An Expert Visit: identifying production techniques

Our project relies upon collaboration with a number of different professionals whose expertise we are lucky to benefit from. Canterbury jeweller Justin Richardson recently joined us up at the Petrie to view the instruments first-hand; Justin will be hand-making replicas of some of our selected metal bells and cymbals using authentic materials and techniques, so he needed to identify the methods of manufacture used to create the originals. Many of the processes used in Roman Egypt are still employed by metalworkers today, and looking closely at the artefacts can reveal tell-tale marks on the surface of the metal left from specific manufacturing techniques.

Cymbal with pitted surface. Photo: Ellen Swift.

The first thing Justin noticed was that some of the cymbals have a distinctive pitted surface in places. This texture was created by the ‘sand casting’ method of manufacture. This process involves creating a mould by pressing each side of the object to be copied into damp sand, thereby leaving a perfect imprint. Molten metal is then poured into the cavity, leaving a distinctive mottled surface in the process. Sand casting requires an original version from which the mould must be made; this was likely forged by hand, with any hammer marks on the original obliterated by the sand casting process rather than being transferred onto the copies. Sand casting is a cheap and easy method of production, and produces a lower quality object than ‘lost-wax casting’ – making it ideal for an object as simple as a small metal cymbal.

Hammered and lathe-turned cymbal, with caulked edge. Photo: Petrie Museum.

In contrast, the surface of another one of the cymbals revealed hammer marks. It was also significantly lighter than the others, leading Justin to conclude the object had been made by hammering a flat disc of metal over a hemispherical mould to create a dome shape. He also identified a caulked edge – caulking is a metal working technique where the edge of a piece of metal is hammered, end-on, to thicken it up and make it appear more robust than the item actually is. Further identifiable traces included concentric circles on the surface along with a perfectly centred hole, revealing further work on a lathe. Justin’s technical knowledge also revealed some unexpected surprises. The two main copper alloys used for the instruments are brass and bronze; our modern understanding of these materials and the kinds of objects they make resulted in us expecting any brass objects to be handmade,  and bronze objects to have been cast – however the exact opposite of this appears to be the case! The manufacture of a bronze bracelet with a bell attached also caught us out.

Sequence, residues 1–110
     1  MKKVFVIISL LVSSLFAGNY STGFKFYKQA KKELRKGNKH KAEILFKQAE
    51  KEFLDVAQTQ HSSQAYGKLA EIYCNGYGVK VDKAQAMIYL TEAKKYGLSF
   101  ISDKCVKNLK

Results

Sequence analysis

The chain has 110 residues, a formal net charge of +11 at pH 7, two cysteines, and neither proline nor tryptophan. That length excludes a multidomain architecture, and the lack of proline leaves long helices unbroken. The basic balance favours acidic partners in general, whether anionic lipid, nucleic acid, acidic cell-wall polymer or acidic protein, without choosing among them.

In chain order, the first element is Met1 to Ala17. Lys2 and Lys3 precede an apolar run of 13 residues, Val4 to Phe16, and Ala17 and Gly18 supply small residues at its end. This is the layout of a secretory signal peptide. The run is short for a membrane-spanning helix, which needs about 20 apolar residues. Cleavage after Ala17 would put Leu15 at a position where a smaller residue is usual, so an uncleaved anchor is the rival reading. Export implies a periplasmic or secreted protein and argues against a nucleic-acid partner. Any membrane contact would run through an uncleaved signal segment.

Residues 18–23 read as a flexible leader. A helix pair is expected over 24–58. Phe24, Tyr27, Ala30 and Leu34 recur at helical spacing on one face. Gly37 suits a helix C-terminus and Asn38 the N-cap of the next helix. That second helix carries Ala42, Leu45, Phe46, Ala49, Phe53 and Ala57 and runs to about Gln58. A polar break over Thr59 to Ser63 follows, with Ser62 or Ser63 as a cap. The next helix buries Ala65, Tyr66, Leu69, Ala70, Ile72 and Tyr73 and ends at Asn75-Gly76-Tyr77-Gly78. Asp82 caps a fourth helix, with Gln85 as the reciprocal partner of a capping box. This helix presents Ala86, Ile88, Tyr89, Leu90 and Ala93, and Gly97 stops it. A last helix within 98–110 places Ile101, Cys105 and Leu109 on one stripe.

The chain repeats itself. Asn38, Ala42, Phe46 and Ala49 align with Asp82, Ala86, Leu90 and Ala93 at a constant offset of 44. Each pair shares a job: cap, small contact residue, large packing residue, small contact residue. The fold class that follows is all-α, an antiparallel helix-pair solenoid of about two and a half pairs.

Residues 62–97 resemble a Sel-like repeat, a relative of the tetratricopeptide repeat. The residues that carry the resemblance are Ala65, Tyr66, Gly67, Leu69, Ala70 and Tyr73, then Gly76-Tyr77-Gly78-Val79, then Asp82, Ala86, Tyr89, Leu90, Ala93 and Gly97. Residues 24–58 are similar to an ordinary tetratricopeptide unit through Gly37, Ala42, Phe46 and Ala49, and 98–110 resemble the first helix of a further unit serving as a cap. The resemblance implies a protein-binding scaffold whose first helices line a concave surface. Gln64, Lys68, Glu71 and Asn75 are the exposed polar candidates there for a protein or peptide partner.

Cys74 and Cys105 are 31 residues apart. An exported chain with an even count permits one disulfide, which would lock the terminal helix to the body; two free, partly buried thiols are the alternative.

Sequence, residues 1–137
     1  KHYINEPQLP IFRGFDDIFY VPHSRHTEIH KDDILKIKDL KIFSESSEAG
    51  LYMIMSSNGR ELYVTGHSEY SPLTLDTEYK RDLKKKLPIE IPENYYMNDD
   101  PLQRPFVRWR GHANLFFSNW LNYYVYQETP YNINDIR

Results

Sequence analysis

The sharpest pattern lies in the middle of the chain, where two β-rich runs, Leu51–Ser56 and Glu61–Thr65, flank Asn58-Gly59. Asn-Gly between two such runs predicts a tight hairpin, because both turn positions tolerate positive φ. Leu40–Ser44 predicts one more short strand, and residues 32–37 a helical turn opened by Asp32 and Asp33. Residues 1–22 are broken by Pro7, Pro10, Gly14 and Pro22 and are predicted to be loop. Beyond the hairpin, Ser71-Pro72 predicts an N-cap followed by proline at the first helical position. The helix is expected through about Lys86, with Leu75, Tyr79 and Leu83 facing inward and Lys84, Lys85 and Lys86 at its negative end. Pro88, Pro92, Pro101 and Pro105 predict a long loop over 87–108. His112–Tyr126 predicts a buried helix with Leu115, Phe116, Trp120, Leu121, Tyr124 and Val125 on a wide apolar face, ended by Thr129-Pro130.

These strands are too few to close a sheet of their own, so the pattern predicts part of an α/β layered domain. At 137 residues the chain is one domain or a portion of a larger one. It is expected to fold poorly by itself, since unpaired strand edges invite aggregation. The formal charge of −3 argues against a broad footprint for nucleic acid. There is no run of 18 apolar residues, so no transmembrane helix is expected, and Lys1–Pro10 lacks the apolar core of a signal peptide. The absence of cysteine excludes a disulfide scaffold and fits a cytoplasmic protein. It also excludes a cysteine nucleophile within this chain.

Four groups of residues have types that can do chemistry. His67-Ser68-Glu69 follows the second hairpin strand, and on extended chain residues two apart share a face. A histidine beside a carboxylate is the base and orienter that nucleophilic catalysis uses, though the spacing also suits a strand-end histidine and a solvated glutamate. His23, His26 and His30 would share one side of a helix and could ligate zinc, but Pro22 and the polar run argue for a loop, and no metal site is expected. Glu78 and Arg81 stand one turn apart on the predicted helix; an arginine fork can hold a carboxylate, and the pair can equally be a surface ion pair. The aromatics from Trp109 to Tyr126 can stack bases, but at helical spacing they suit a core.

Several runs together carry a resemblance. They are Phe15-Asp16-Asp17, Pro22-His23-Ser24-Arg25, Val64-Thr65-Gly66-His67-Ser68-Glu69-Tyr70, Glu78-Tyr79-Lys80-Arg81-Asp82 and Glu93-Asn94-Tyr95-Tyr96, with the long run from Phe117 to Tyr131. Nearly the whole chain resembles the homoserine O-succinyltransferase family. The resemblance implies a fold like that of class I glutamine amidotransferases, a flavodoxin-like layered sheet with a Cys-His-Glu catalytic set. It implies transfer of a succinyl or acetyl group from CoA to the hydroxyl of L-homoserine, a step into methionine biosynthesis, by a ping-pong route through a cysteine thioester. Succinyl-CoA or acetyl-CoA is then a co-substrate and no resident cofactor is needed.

Cast bronze bracelet with dot decoration (UC58537). Photo: Ellen Swift.

It would seem logical to make such a flat bracelet by cutting out a strip of metal from a sheet, and then bending it to shape, however closer inspection revealed the object to be cast; the decorative motifs appear soft edged rather than cut into the surface of the metal, and the indented dots revealed no ‘ghosts’ on the reverse. Ghosts are marks left on the reverse of a metal surface when tools are hit against it to produce decorative marks. However, as no such ghosts exist on the bracelet, it again supports the case that it must have been cast. Whilst unexpected, casting such bracelets makes sense as it allows mass production of identical objects with little effort or additional expense, additionally suggesting this bracelet was not a one-off, but in fact one of a batch produced.

We learned a lot from Justin’s visit that we can use when looking at other metal objects in the Petrie collection. We look forward to seeing the replicas and will post an update on them soon. If you’d like to know more about Justin’s work, you can find his website here.



Laser Scanning 1

As well as compositional analysis, a key element of our project is the laser scanning of our selected range of musical instruments from Roman Egypt. The Petrie has some amazing examples of instruments that struggle to survive outside of the arid Egyptian environmental conditions – we have wooden clappers, metal bells, reed flutes and panpipes. Laser scanning these items allows the recreations of these objects, either through 3D printing or through the making of replicas using authentic materials and techniques. This will allow the instruments to be played, giving us the chance to hear the music of Roman Egypt in the 21st century.

A copper-alloy bell on a child’s bracelet from the Petrie Museum; the thinness of the top section of the suspension ring indicates heavy wear, presumably over many years. Photo: Ellen Swift.